France was bitterly at odds over the Dreyfus Affair.  Those who favored reopening the case to exonerate Dreyfus viewed the matter in terms of individual rights and republican rule versus military authority.  Their opponents considered the case to have been rightly decided for the sake of national security, and labeled Dreyfus and his supporters as part of an international conspiracy of socialists and Jews.  3,000 people signed a petition to review the case, while anti-Semitic riots erupted across the country.  

In August 1898, the forger of the military cover-up confessed and then committed suicide, which provoked Esterhazy, the spy and original forger, to flee the country.  In June, a new French premier, Rene Waldeck-Rousseau, called for a retrial, which lasted from August 7 to September 9, 1899.  Dreyfus was again found guilty, although "with extenuating circumstances."  On September 19, President Emile Loubet pardoned Dreyfus.  That occurred after publication of this post-dated cartoon, and was reported in the following week's issue (September 30).  In 1906, a civil court exonerated Dreyfus, and the next year he was reinstated into the French army and awarded the prestigious Legion of Honor medal.  He retired the next year, but served again during World War I.  Alfred Dreyfus died in 1935.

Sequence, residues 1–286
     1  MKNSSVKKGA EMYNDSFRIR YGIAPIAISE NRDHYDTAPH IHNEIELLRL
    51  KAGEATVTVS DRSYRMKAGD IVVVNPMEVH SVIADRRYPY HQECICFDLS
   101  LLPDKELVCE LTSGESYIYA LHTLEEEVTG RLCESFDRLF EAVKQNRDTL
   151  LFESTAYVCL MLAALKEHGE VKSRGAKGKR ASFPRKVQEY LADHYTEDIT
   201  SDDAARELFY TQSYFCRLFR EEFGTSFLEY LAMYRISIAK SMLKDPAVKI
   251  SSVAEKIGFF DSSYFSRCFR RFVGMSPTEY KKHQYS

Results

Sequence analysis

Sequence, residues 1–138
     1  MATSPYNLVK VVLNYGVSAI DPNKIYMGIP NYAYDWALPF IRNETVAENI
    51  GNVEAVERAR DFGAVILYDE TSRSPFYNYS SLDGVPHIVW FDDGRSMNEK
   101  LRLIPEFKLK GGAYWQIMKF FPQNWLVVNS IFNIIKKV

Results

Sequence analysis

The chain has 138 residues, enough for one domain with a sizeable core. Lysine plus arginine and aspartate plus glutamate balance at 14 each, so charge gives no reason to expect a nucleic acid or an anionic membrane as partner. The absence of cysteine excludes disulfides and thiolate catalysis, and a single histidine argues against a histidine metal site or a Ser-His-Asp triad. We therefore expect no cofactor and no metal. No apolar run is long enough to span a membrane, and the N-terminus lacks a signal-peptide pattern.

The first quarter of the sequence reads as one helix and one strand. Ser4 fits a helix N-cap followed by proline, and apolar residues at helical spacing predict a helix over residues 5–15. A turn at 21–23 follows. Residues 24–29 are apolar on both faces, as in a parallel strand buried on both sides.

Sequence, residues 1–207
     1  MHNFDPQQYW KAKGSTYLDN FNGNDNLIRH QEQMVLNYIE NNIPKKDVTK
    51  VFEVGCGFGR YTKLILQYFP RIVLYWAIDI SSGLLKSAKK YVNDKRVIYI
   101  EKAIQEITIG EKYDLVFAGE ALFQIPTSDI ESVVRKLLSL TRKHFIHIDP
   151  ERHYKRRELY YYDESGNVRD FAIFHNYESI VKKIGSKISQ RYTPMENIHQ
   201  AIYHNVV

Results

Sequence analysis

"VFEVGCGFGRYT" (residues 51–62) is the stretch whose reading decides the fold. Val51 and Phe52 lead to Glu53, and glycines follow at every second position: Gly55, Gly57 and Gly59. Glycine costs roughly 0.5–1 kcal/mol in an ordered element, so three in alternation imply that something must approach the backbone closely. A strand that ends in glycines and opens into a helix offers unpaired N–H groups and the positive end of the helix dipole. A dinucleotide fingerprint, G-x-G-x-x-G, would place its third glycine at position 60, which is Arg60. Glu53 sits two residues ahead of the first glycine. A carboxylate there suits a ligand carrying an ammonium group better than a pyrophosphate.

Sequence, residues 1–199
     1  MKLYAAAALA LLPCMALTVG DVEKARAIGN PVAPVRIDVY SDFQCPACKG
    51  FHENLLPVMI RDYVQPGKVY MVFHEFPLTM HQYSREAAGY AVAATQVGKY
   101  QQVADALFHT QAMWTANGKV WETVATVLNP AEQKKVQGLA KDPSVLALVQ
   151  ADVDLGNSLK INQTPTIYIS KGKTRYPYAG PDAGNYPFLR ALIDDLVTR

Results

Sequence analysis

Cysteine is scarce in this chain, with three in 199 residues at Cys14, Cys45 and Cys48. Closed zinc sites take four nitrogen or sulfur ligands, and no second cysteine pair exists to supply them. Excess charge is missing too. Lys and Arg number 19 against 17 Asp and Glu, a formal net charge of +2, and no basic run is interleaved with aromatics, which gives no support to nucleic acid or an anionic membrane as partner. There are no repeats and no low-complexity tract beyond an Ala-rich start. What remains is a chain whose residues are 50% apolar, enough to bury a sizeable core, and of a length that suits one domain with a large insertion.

Harper's Weekly first mentioned the Dreyfus Affair in the January 12, 1895 issue, in a two-paragraph article tellingly entitled "The French Traitor."  It briefly delineated the charge, the trial "behind closed doors," and the verdict, which "met with popular approval."  By December 1897, the newspaper was criticizing the judicial procedure more overtly, but left the question of Dreyfus's guilt or innocence an open question.   

In January 1898, Harper's Weekly editorialized against the prosecution of Zola and the riots in France by those "who do not reason, but who hate Jews..."  The journal characterized Dreyfus's sentence as "the most cruel punishment ever inflicted by a modern government..." and, the next month, as "cruel and unusual ... barbarous ... [and] grossly unjust."  In March, former editor Carl Schurz authored a lengthy commentary denouncing the unfair and secret trial procedures, the dominance of the military in French politics, and the virulent anti-Semitism the case had spawned, "casting a dark shadow of disgrace on our boasted Christian civilization."  

The lead editorial of the September 23, 1899 issue in which the featured cartoon appears is "The French Monster."  The editorial pronounced Dreyfus as "the great martyr of the nineteenth century" and judged that the second court-martial placed France "among the barbarous nations."  The editorialist focused his condemnation on the French "military monster," which had become the most powerful influence in the country.  "It is this army--born of an unholy thirst for vengeance--which has absorbed the youth into its ranks and drawn them out of the industries of the country, has made disarmament practically impossible in Europe, and has at last struck at law and justice."  The next week, Harper's Weekly applauded the pardon of Dreyfus, but emphasized that "on the main issue France is still degraded, and the pardon only emphasizes the disgrace."

Robert C. Kennedy

“A Second Degradation”
December 3, 2023